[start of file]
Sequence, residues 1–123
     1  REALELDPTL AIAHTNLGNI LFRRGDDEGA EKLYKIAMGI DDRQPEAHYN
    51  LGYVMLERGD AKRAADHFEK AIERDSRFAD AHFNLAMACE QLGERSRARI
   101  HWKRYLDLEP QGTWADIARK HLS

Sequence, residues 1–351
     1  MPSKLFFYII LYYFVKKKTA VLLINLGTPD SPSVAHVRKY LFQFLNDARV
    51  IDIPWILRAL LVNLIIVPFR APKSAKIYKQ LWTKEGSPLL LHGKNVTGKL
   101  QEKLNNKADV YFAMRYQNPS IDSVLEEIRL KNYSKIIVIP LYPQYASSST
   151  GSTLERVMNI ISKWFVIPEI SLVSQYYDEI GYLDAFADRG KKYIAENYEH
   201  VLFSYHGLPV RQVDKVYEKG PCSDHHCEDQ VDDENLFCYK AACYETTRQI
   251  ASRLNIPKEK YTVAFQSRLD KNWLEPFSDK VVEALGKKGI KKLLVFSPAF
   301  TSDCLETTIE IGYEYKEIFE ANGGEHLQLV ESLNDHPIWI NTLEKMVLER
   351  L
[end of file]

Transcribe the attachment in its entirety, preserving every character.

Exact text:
Sequence, residues 1–123
     1  REALELDPTL AIAHTNLGNI LFRRGDDEGA EKLYKIAMGI DDRQPEAHYN
    51  LGYVMLERGD AKRAADHFEK AIERDSRFAD AHFNLAMACE QLGERSRARI
   101  HWKRYLDLEP QGTWADIARK HLS

Sequence, residues 1–351
     1  MPSKLFFYII LYYFVKKKTA VLLINLGTPD SPSVAHVRKY LFQFLNDARV
    51  IDIPWILRAL LVNLIIVPFR APKSAKIYKQ LWTKEGSPLL LHGKNVTGKL
   101  QEKLNNKADV YFAMRYQNPS IDSVLEEIRL KNYSKIIVIP LYPQYASSST
   151  GSTLERVMNI ISKWFVIPEI SLVSQYYDEI GYLDAFADRG KKYIAENYEH
   201  VLFSYHGLPV RQVDKVYEKG PCSDHHCEDQ VDDENLFCYK AACYETTRQI
   251  ASRLNIPKEK YTVAFQSRLD KNWLEPFSDK VVEALGKKGI KKLLVFSPAF
   301  TSDCLETTIE IGYEYKEIFE ANGGEHLQLV ESLNDHPIWI NTLEKMVLER
   351  L